Sustainable Cities Specialist
U.S. Green Building Council
In a scene we hope to see replicated in city council meeting rooms across the country, the Lakewood, Colo. City Council gave unanimous approval last month for the Lamar Station Transit Oriented Development (TOD) station project.
Why is this a momentous decision? The Lamar Station project, registered under the LEED for Neighborhood Development rating system, was met with a degree of reluctance. Fears that this proposed infill development would create a Manhattan-esque neighborhood of densely packed buildings led Lakewood residents to cry “NIMBY!” (Not in my backyard!) To allay those concerns, proponents of the project pointed out that Lamar Station is a LEED for Neighborhood Development registered project, encouraging greater walkability within and around the community, a sense of cohesion between neighbors, and the possibility of public transportation. These elements all lead to reduced automobile dependence. Given the current economic climate and high cost of gasoline, this is good news for Lakewood residents.
Cries of NIMBY soon turned to PIMBY: “Please, in my backyard!”
The cutting-edge Lamar Station project provides a game plan for how to overcome similar concerns elsewhere, because compact development is the future of this country and we need to find a way to get everyone on board. Given population prediction models, growth in the U.S. cannot be contained in low-density developments without consuming an ever-growing swath of land and resources, and contributing to climate change. More and more, we’re realizing that in order to provide affordable housing for working families, and to meet residents’ housing choices, high-density housing is required.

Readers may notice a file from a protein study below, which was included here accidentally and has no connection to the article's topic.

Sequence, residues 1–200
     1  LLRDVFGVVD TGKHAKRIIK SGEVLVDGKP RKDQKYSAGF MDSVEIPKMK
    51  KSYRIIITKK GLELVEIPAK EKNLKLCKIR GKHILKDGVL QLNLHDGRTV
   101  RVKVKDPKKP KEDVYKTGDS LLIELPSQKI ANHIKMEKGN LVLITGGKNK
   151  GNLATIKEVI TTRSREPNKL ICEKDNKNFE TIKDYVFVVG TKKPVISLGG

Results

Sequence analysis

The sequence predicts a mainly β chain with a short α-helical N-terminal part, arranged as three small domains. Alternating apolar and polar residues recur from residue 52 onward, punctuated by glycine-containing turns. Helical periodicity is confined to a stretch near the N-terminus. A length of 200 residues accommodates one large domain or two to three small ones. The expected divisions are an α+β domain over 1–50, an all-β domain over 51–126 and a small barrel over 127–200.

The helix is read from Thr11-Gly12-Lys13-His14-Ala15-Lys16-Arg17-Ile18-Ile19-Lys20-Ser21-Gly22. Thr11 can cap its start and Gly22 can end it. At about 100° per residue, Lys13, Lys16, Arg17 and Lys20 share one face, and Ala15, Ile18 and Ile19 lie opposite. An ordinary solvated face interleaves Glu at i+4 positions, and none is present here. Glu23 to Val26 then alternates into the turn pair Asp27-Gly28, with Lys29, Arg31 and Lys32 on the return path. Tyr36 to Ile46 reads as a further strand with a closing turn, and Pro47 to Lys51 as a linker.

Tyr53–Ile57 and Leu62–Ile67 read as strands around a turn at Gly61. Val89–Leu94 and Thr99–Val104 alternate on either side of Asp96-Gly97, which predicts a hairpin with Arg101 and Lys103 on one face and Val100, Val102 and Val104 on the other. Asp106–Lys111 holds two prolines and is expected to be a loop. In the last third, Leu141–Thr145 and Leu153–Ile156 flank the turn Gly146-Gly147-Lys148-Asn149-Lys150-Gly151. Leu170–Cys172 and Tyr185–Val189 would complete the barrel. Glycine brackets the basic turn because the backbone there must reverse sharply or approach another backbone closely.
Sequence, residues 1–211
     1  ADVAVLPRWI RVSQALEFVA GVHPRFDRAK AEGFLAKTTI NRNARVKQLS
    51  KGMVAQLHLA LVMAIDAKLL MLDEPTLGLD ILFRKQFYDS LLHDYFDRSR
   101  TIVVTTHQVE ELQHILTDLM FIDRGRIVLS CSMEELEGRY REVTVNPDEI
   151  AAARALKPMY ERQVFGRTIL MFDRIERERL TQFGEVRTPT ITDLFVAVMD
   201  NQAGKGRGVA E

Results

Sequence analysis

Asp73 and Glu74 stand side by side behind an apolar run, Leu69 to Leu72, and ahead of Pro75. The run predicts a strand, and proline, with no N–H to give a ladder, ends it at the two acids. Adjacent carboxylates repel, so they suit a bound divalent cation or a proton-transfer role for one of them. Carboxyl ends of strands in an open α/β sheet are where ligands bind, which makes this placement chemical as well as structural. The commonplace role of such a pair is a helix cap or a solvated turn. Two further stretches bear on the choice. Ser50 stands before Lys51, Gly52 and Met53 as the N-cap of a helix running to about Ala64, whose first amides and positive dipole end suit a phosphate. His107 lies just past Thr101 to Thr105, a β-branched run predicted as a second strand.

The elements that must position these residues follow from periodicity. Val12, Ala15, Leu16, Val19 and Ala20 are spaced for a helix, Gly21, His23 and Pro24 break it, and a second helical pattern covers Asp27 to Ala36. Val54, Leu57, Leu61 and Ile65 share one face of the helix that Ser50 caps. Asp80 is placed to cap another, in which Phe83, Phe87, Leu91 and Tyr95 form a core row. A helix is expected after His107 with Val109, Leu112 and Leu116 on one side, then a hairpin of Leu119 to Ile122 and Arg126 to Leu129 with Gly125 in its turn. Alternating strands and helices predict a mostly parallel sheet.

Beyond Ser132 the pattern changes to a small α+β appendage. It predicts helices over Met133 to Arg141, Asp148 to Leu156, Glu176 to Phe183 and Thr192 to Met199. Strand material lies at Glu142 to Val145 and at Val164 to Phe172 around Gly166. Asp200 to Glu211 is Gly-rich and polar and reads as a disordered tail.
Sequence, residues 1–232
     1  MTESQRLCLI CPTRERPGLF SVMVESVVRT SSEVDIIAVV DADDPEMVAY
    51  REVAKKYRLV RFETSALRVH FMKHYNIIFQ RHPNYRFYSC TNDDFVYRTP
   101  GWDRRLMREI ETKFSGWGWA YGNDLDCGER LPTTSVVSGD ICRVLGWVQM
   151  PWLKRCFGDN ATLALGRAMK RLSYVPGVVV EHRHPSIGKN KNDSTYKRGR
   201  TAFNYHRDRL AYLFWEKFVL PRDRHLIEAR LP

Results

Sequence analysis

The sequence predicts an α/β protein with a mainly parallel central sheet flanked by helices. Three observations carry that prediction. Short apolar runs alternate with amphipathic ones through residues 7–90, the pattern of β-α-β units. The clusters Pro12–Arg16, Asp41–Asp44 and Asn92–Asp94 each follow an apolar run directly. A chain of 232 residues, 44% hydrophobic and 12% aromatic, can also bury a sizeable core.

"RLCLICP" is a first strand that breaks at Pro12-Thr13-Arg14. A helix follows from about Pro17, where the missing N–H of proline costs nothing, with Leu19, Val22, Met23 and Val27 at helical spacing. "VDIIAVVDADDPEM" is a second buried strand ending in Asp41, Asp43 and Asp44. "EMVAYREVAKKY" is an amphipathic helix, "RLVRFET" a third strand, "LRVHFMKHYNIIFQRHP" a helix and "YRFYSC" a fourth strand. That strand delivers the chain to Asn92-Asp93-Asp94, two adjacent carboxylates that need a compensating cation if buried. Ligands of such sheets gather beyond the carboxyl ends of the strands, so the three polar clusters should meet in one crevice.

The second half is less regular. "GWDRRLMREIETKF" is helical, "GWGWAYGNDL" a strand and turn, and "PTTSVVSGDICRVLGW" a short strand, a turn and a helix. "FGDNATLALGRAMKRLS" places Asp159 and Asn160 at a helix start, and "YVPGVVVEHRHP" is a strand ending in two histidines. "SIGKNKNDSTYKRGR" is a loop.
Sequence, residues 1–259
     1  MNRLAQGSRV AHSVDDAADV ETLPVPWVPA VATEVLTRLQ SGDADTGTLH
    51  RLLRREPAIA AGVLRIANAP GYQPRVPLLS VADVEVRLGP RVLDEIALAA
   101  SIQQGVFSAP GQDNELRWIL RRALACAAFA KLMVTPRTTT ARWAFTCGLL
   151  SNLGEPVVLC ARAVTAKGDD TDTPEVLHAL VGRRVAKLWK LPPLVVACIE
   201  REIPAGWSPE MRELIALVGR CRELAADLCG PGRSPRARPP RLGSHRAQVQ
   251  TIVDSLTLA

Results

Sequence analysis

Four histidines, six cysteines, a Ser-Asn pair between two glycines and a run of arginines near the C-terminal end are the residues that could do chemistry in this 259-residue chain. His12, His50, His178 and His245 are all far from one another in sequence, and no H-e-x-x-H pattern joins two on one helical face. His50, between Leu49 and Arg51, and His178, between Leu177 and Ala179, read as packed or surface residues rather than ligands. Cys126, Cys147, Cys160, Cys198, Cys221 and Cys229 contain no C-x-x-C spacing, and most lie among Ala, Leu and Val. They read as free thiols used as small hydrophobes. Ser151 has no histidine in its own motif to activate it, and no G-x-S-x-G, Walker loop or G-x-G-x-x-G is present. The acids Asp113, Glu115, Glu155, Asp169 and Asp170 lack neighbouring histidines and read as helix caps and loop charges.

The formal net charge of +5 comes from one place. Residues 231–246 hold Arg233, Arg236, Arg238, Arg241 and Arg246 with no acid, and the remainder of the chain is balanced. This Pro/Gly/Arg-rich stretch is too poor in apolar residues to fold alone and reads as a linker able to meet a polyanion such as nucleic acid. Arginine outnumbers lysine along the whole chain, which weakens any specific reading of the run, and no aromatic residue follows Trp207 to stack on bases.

Here’s how the Lamar Station project is accomplishing this objective: Located on the emerging west corridor light rail project out of Denver, the project will redevelop an under-utilized brownfield located in the center of an established neighborhood. It will feature a mix of affordable and market apartment units, public and community spaces, and access to a multi-modal transportation network. The project will be integrated into the surrounding community, and enhance it by embracing existing assets, transit-oriented development, and sustainability. Perhaps most importantly, given the current financial environment, the project has the potential to catalyze future investment and re-development of infill and environmentally contaminated properties along the light rail corridor.